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Boston Archdiocese, Clerical Sex Abuse Advocates React To U.S. Bishops' Policy Change Delay

Boston Roman Catholic Archdiocese Cardinal Sean O'Malley speaks to the media in Braintree, Mass. (Bill Sikes/AP)
Boston Roman Catholic Archdiocese Cardinal Sean O'Malley speaks to the media in Braintree, Mass. (Bill Sikes/AP)
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The Archdiocese of Boston said in a statement Monday that Cardinal Sean O'Malley will keep advocating for new steps to hold bishops accountable, and greater transparency when it comes to clerical sex abuse.

That reaction came after the Vatican requested that U.S. bishops delay any votes on policy changes in the church until a global meeting of church leaders in February. Bishops including O'Malley are meeting this week in Maryland and had planned to consider a series of measures including a new code of conduct for bishops.

The archdiocese says the delay was "unexpected."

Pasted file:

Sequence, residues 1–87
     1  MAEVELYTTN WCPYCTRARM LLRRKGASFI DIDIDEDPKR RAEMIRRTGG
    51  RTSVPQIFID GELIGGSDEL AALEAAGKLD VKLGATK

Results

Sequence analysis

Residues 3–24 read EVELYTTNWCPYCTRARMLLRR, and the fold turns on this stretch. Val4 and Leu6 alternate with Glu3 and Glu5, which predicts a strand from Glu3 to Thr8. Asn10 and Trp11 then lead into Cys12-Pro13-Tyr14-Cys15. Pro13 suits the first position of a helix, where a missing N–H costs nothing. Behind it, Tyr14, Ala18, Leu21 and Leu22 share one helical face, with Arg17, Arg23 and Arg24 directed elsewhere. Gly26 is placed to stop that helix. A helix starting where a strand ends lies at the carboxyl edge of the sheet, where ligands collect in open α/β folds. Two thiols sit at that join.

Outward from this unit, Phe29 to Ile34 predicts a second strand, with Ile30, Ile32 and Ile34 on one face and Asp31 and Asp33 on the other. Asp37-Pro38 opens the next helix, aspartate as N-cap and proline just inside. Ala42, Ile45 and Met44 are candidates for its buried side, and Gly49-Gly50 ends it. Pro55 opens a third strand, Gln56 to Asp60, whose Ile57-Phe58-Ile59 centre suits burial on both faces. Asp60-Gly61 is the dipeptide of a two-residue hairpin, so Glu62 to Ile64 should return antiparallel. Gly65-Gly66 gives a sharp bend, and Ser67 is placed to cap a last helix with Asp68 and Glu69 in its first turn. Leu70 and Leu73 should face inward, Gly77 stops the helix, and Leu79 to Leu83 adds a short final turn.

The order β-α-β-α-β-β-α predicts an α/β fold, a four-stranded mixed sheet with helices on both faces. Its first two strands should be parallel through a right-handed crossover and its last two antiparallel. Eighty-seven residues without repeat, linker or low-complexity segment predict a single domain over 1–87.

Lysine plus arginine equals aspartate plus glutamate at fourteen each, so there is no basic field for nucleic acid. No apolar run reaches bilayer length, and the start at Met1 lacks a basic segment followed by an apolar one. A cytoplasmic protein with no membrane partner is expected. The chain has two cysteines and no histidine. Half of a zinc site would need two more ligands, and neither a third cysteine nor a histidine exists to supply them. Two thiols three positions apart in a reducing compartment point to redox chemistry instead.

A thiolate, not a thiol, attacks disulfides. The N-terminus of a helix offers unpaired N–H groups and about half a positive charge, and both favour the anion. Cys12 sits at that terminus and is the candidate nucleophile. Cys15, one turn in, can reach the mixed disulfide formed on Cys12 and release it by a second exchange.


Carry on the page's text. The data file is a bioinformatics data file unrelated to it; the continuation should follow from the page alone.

"Cardinal O’Malley will continue to vigorously advocate for revising the Dallas Charter to hold bishops accountable, greater transparency including the release of names of clergy accused of abuse and increased lay involvement and leadership," it said in the statement.

But advocates for sexual abuse victims say the delay by Pope Francis shows a lack of concern on behalf of the Catholic Church, including Boston-based attorney for clergy sex abuse victims Mitchell Garabedian.

Garabedian is calling the conference "a continuation of a cover-up."

"This is just another example of how the Catholic Church is incapable of policing itself and why statutes of limitations must be amended in courts of law for the sake of society," Garabedian said.

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